Tuesday, May 7, 2019

Broad vs Niche: When Marketing Leads The Reader Astray

There's been a theme on Twitter this week about book reviewers who get mad because a book of a certain genre failed to meet their expectation...an expectation that is the antithesis of the genre. E.g. "LOTR had some good characters, but it was just so unrealistic I had to give it a one star."  "50 Shades of Grey had a hot chick in it, but there was too much sex. One star."  "This could've been a great fantasy if the characters weren't so young. Harry Potter: Sorcerer's Stone gets one star."

Are the reviewers daft or 
did the marketing of the book target the wrong audience?

This week on the blog, we're talking about the latter. Why, oh why, a business would waste money tricking someone into buying their product? Are they trying to get bad reviews? Short answers are Hope and Nope. While I could write a thesis on this topic, I'll do my best to keep to the top-line point. Before that, let's clarify terms:

  • Marketing is the encompassing umbrella for the promotion, sales, and distribution of products/services from producer to consumer. 
  • Advertising is about piquing interest. This is where the adage, "Introduce the Problem, then Solve the Problem" comes into play.  Example: Wrinkles make you less attractive. Use this serum to fade the appearance of wrinkles and become desirable.
  • Sales is about converting interest into purchases. Example: Customer walks into a store (demonstrating interest). Sales person's job is to remove customer resistance to purchasing (identify what interest brought the customer into the store, present [limited] options to satisfy the interest, offer a discount) and complete transaction. 
Marketing = Plan; Adverts = Awareness; Sales = $$$

In book marketing, there are four primary opportunities to gain/lose buyers. Depending on who owns the marketing of the book is how much say an author has in the process. Indie authors can own every step or pay someone else to do it. Traditionally published authors own little to no part of the process.
  1. Cover: Front Art and Back Blurb
    • See Jeffe's post from Sunday about a cover art trad-published experience in which the marketing plan seemed to be a broad romance campaign rather than the niche sub-genre-specific campaign. The generic image suggests the publisher is after eyeballs more than sales. I'll get into broad vs niche in the next section.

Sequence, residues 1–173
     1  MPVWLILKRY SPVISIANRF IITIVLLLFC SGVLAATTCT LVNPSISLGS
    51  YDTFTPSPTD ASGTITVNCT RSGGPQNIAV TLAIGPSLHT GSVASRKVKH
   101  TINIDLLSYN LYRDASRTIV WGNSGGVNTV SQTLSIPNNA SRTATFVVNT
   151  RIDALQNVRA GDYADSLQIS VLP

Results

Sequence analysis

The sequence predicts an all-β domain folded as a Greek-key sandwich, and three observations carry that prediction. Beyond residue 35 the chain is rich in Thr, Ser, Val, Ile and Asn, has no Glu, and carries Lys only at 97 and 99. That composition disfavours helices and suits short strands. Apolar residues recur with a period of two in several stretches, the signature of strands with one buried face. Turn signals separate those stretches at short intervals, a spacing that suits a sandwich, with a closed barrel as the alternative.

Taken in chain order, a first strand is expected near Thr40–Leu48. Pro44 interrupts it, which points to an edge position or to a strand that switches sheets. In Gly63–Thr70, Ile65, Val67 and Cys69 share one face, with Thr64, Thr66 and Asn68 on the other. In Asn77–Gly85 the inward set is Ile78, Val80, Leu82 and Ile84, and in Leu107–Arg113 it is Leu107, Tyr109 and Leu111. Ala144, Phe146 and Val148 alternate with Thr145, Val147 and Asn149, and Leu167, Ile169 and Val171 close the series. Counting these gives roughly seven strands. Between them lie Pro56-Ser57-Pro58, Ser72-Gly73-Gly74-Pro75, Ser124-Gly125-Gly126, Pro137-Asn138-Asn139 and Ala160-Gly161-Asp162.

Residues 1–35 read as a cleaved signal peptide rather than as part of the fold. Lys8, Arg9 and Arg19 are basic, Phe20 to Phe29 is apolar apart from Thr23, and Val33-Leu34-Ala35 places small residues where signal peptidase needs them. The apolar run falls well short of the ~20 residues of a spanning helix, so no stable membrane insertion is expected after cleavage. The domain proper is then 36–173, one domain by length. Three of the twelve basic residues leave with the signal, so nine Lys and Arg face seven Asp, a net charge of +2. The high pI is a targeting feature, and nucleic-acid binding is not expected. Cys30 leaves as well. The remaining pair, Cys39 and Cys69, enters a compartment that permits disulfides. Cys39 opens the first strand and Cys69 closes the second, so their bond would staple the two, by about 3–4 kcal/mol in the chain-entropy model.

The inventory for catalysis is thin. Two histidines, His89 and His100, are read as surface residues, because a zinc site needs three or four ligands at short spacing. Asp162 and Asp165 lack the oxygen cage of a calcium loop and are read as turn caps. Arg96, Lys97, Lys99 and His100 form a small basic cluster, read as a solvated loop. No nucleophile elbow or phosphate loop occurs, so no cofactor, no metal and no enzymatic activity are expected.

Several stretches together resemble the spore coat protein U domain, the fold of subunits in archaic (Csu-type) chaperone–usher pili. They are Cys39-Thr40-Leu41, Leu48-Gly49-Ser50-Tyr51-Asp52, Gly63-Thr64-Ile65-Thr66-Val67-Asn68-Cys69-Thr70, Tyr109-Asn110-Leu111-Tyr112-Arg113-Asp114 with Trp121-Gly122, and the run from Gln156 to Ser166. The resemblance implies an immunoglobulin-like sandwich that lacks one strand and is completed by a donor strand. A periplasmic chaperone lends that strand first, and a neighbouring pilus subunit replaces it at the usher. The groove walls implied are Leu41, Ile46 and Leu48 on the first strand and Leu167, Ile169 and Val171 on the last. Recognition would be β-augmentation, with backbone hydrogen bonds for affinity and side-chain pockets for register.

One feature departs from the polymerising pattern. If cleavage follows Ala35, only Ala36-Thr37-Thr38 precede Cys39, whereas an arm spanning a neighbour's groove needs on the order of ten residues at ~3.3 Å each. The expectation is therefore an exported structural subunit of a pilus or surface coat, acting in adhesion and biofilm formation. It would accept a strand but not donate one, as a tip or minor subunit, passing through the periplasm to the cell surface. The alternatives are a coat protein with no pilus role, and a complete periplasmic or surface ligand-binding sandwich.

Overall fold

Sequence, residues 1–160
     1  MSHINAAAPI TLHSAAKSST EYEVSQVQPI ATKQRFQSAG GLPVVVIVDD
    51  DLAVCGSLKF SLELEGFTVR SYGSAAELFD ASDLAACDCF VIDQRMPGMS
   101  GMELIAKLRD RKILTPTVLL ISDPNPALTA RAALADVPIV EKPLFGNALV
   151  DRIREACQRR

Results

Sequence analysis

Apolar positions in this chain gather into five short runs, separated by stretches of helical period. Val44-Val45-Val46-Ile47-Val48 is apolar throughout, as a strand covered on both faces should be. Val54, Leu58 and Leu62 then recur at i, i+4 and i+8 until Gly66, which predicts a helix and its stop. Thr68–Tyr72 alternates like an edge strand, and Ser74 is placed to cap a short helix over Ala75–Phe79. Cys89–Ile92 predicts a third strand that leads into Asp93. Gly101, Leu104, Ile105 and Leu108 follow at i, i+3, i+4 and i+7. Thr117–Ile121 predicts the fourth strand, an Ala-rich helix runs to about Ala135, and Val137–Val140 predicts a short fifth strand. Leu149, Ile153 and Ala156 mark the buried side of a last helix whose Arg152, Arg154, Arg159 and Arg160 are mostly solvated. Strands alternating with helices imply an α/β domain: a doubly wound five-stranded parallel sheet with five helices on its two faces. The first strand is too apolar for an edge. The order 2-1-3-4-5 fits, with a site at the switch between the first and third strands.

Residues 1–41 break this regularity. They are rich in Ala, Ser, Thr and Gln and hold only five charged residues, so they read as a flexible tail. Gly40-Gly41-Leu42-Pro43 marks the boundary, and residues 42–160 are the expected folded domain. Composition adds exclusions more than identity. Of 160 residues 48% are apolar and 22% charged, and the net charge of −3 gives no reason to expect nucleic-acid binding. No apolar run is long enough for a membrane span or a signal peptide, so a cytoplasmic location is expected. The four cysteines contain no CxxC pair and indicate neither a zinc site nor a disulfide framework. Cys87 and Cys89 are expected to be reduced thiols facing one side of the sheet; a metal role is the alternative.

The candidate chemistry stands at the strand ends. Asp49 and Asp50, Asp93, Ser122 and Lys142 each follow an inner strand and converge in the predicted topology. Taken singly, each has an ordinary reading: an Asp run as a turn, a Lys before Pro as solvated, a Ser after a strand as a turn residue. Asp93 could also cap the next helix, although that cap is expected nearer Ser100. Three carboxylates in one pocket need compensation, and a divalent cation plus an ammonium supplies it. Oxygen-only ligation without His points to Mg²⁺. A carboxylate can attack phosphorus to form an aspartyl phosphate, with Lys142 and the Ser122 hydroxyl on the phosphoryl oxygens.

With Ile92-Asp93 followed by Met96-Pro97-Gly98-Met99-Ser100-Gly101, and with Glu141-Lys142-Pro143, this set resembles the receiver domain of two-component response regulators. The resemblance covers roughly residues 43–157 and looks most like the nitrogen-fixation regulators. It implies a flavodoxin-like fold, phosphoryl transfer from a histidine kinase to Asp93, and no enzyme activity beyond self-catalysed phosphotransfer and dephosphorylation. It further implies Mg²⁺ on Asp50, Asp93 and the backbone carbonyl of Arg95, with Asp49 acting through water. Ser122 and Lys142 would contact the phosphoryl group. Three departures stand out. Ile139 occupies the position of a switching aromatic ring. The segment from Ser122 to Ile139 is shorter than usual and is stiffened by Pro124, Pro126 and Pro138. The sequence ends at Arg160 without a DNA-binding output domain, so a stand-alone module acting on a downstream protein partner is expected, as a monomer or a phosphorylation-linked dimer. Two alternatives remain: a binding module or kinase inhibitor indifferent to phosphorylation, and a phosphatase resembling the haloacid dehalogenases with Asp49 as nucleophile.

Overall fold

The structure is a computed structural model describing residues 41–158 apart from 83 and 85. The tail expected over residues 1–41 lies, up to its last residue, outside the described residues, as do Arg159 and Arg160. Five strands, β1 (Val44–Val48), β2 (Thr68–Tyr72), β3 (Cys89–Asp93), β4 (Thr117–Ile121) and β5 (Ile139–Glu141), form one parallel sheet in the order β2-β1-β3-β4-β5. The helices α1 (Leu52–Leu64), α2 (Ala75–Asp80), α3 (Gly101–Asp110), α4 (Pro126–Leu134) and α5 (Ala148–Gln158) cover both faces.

• Indie authors have huge control over their covers, which is often lauded but can backfire worse than a generic publisher-directed cover. 
    • Back blurbs are usually written by the author to briefly summarize the book (think under 200 words) and use "grab words" to entice a reader to buy the book. Sometimes marketing folks at publishing houses rewrite the blurbs.
  2. Advertising: Creative and Placement
    • What ads look like, what they say, where they appear, how often they appear
    • Every ad-placement has rules and they often differ.
      • E.g. Sex Sells...but No Nipples (even men's nipples). Don't use the words "sale, free, % off, or discount." Images must contain 92% art and no more than 8% text. Products targeting a mature audience will only appear after 9:00PM Eastern. Creative must be static, no animations. 
    • There are lots of ways for ads to go wrong, from cringe-worthy creative to tech glitches to underfunded budgets. There's an entire industry around advertising for good reason. Getting it right is a real struggle for amateurs.
  3. Point of Sale: Convenience and Competitiveness
    • Where the product is available, in what formats, for what regions, at what price, in what time for receipt, gift options, coupons, type of payment accepted, perceived security of payment process, returns policy, troubleshooting/customer support, resale value, etc.
    • Most authors go through vendors like Amazon or Apple to shoulder the bulk of the POS, while publishers have printing and distribution networks layered in between. 
    • Yes, yes I know the other meaning of POS, and sometimes it suits this part too; especially when products are damaged, the wrong file is received, payment is rejected, etc. However, more hybrid and Indie authors are taking the risk and moving to direct-from-author POS usually via their websites in an effort to divorce themselves from complete dependency on 3rd party retailers.
  4. After Sale: Review and Retention
    • The bulk of this falls on the author, and/yet requires consumer consent prior to contact. Yes, a chicken-egg situation. A vendor may automatically send a follow-up nudge to review, wherein the act of the purchase default opts-in the consumer to additional contact by the vendor, but that opt-in does not give the author permission to contact the buyer (unless the author is the vendor).
    • Reviews are advertising. It's the closest thing to viral marketing short of in-person recommendations from trusted sources. We've blogged on the importance of reviews earlier this year.